Lets continue Getting Dirty With Stats! We’ve already covered an introduction, which is important as I lay out my goals for the series. We’ve also talked about hitters, so now we move on to pitchers.
As with hitters, we’ll start by figuring out what things pitchers are and aren’t responsible for. These include the home park a pitcher plays in, which can vary in size and conditions, as well as his league, which varies in talent level. Both are important variables we accounted for when looking at hitters and we’ll do the same for pitchers.
Another thing we’ll need to think about is the defense behind them. Pitchers spend long periods of time with the same or a similar defense. Since defenses vary in skill levels and shouldn’t affect the way we evaluate pitchers, we’ll need to consider that.
Another key difference between hitters and pitchers is the role of luck on what happens to balls put into play.
Here’s one of the greatest and most controversial discoveries of the recent statistical revolution: pitchers have much less control over balls in play than hitters.
This isn’t intuitive. It seems weird to give a pitcher complete blame for giving up a fly ball that lands just over the fence, but no blame for a ball that lands just in front of it. Although not everyone agrees that pitchers have no control whatsoever over batting average on balls in play, also known as BABIP, lots of people agree that pitchers have much less control than previously thought. So while it isn’t perfect, BABIP is pretty good way to tell how much luck is involved in a pitcher’s results when looking at traditional stats.
So how do we deal with all this? Lets start with the current king of pitching stats, Earned Run Average. Earned runs are attributed to a pitcher based on errors. Those errors are decided by the game’s scorekeeper. Unfortunately, scorekeepers suffer from the same imperfections in judgement that affect all humans. I’ll cover errors in a future post on defense, but the short explanation is that due to limited range, bad defenders aren’t charged with enough errors. And since good defenders get to more balls to make a play on, they’re charged with too many errors as a result.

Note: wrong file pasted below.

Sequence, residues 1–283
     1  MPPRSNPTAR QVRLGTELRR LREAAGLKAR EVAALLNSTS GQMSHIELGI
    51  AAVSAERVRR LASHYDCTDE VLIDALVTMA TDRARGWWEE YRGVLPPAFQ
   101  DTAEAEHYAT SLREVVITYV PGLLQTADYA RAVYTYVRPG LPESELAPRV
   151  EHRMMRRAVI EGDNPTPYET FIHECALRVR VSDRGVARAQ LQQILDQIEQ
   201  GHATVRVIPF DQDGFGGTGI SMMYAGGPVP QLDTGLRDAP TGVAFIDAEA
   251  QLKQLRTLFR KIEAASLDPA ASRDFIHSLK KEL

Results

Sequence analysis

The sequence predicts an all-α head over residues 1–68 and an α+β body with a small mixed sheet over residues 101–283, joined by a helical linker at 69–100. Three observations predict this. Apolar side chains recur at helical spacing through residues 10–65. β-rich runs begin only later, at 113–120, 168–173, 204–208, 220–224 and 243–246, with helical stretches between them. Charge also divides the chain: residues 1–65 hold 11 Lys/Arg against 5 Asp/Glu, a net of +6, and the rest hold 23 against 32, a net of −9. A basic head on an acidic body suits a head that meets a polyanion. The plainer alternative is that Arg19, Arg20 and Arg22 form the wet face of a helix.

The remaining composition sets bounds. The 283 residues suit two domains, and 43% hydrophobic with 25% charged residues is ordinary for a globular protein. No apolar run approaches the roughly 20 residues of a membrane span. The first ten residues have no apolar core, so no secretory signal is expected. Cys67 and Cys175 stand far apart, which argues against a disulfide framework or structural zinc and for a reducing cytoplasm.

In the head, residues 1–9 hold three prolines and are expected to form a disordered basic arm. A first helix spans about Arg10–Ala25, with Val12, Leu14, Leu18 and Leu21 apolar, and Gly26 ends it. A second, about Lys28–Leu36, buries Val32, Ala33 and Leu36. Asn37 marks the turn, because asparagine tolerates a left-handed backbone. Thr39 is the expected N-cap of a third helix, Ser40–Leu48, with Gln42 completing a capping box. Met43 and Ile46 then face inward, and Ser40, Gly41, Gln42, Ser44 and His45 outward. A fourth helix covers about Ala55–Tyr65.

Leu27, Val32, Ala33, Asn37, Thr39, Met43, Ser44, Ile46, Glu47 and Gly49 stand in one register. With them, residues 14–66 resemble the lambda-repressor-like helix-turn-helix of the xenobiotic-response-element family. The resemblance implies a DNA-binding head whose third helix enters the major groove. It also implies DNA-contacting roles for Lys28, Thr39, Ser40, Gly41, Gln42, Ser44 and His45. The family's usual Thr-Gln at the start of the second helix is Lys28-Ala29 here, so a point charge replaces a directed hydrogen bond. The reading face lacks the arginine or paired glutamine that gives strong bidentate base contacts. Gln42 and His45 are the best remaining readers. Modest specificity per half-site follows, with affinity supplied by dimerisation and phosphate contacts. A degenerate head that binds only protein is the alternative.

Earned runs also don’t account for differences in ballparks, or differences in leagues. And, ridiculously, earned runs allow relievers to decide the fate of the previous pitcher’s runners left on base. ERA- (or the reverse, ERA+) account for park and league differences but none of the other issues mentioned. There has to be a better way! And there is…
Fielding Independent Pitching, or FIP, looks at looks at things we absolutely know pitchers control: home runs, walks, and strikeouts. While FIP is scaled to look like ERA, the better option is FIP- which considers the pitcher’s park and league. It works the same as wRC+ does for hitters: 100 is average, 80 is really good, and 120 is really bad.
Some pretty smart people think pitchers don’t have much control over how often fly balls turn into home runs. We can use xFIP, or Expected FIP, to deal with this, which replaces the pitcher’s rate of home runs per fly ball with the league average. That fixes the problem of counting balls that land just before/after the fence differently. It otherwise looks and acts like FIP.
Only looking at walks, strikeouts, and home runs might seem weird at first. It did for me. The reason it’s so popular is that while other results like line drives and grounders are still useful, assigning credit and blame for what happens is complicated. We’re still figuring out the best way to deal with them. With FIP, at least we know we’re not wasting our time with stuff that doesn’t matter. So while it may not include all the information, it definitely doesn’t include bad information.
Luckily for baseball fans, people who study baseball aren’t known for giving up. Bits of progress are made by building on top of previous ideas to slowly create a better way to measure the game, which lead to new statistics. Not because previous stats were “wrong”, but because we understand a little more than we did before.
This brings us to SIERA. It’s based on FIP, but includes bits about types of hits we know we can blame on the pitcher, like line drives and ground ball tendencies. I’ll let Fangraphs get into the nitty gritty:
In general, groundballs go for hits more often than flyballs (although they don’t result in extra base hits as often). But the higher a pitcher’s groundball rate, the easier it is for their defense to turn those ground balls into outs. … And if a pitcher walks a large number of batters and also has a high groundball rate, their double-play rate will be higher as well.
Balls in play are complicated, huh? Luckily, as with wRC+, the math is already done for us with SIERA. It’s set to the same scale as ERA, and is park adjusted. SIERA only measures hits as they come off the bat (home runs, grounders, line drives, etc). So the quality of a pitcher’s defense doesn’t mess anything up. Oddly SIERA isn’t league adjusted, I’m not sure why.
Here are the Padres 2013 SIERA leaders, and Jason Marquis.
Jason Marquis finished 7th on the team (min 40 IP), but I’m including him because he was a special case. He finished the season at a 4.05 traditional ERA. While that looked good, a lot of the things that ERA doesn’t account for indicated he was perhaps more lucky than it would seem, wich is shown in his 5.14 SIERA. Unfortunately his injury kept us from learning how things would play out, but his season serves as a great example of the differences in looking at pitching.